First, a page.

An excerpt from www.HouseOfNames.com archives copyright © 2000 - 2016
Today's Irish surnames are underpinned by a multitude of rich histories. The name Scanlon originally appeared in Gaelic as O Scannlain or Mac Scannlain, which are both derived from the word "scannal," which means "contention."
Before widespread literacy came to Ireland, a name was often recorded under several different variations during the life of its bearer. Accordingly, numerous spelling variations were revealed in the search for the origin of the name Scanlon family name. Variations found include Scanlan, O'Scannell, O'Scanlan, O'Scanlon, MacScanlan, Scanlin and many more.
First found in County Louth (Irish: Lú) the smallest county in Ireland, located on the East coast, in the Province of Leinster. "The Mac Scanlans were a sept of Louth, from whom the ancient locality of Bally Mac Scanlan took its name. The first of the family mentioned by D'Alton is Patrick O'Scanlan, who was made archbishop or Armagh in 1261. "  According to O'Hart, the family claim descent from the Heremon Kings of Ireland, more specifically through the O'Shaughnessey pedigree as Tuadan, brother of Duach was the ancestor of O'Scannla which is Anglicized as Scanlan.  However, MacLysaght claims that there are two quite distinct septs; the O Scannlain of Munster and MacScannlain of Louth. The latter claimed Bally Mac Scanlan (Ballymacscanlan) as their ancient homeland. He continues pointing out that there are six places names Ballymacscanlan throughout Ireland eluding to the family's widespread distribution. 
This web page shows only a small excerpt of our Scanlon research. Another 155 words (11 lines of text) covering the years 127 and 1272 are included under the topic Early Scanlon History in all our PDF Extended History products.
More information is included under the topic Early Scanlon Notables in all our PDF Extended History products.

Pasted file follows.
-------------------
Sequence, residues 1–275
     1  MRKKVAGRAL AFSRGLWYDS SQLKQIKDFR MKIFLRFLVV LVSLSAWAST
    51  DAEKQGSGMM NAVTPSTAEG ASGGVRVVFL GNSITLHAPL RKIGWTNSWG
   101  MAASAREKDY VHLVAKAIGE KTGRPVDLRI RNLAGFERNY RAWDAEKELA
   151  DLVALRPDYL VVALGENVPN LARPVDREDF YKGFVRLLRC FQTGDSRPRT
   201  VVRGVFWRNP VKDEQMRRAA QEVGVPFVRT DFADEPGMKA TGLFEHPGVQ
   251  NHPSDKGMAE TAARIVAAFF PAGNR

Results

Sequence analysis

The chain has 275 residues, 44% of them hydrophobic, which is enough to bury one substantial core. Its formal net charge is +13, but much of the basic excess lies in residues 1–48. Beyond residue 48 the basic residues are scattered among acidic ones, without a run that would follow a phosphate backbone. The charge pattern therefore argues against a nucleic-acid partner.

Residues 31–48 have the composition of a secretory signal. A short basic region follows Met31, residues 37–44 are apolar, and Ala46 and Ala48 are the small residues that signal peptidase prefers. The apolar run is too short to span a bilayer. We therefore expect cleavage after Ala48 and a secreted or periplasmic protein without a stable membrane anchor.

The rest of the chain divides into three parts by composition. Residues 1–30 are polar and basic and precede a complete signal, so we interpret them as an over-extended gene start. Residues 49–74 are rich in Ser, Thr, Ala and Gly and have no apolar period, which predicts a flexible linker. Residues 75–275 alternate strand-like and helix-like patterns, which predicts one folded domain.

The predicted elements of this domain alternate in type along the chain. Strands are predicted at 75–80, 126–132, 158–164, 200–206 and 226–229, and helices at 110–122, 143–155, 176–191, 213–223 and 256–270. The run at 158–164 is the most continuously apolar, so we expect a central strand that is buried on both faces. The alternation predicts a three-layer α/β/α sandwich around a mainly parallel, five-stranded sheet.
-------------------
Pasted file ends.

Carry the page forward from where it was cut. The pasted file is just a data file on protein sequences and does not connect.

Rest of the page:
To escape the religious and political discrimination they experienced primarily at the hands of the English, thousands of Irish left their homeland in the 19th century. These migrants typically settled in communities throughout the East Coast of North America, but also joined the wagon trains moving out to the Midwest. Ironically, when the American War of Independence began, many Irish settlers took the side of England, and at the war's conclusion moved north to Canada. These United Empire Loyalists, were granted land along the St. Lawrence River and the Niagara Peninsula. Other Irish immigrants settled in Newfoundland, the Ottawa Valley, New Brunswick and Nova Scotia. The greatest influx of Irish immigrants, however, came to North America during the Great Potato Famine of the late 1840s. Thousands left Ireland at this time for North America and Australia. Many of those numbers, however, did not live through the long sea passage. These Irish settlers to North America were immediately put to work building railroads, coal mines, bridges, and canals. Irish settlers made an inestimable contribution to the building of the New World. Early North American immigration records have revealed a number of people bearing the Irish name Scanlon or a variant listed above, including:
Scanlon Settlers in United States in the 19th Century
Scanlon Settlers in United States in the 20th Century
Scanlon Settlers in Canada in the 19th Century
Scanlon Settlers in Australia in the 19th Century
Scanlon Settlers in New Zealand in the 19th Century
The Scanlon Family Crest was acquired from the Houseofnames.com archives. The Scanlon Family Crest was drawn according to heraldic standards based on published blazons. We generally include the oldest published family crest once associated with each surname.
This page was last modified on 14 March 2016 at 13:57.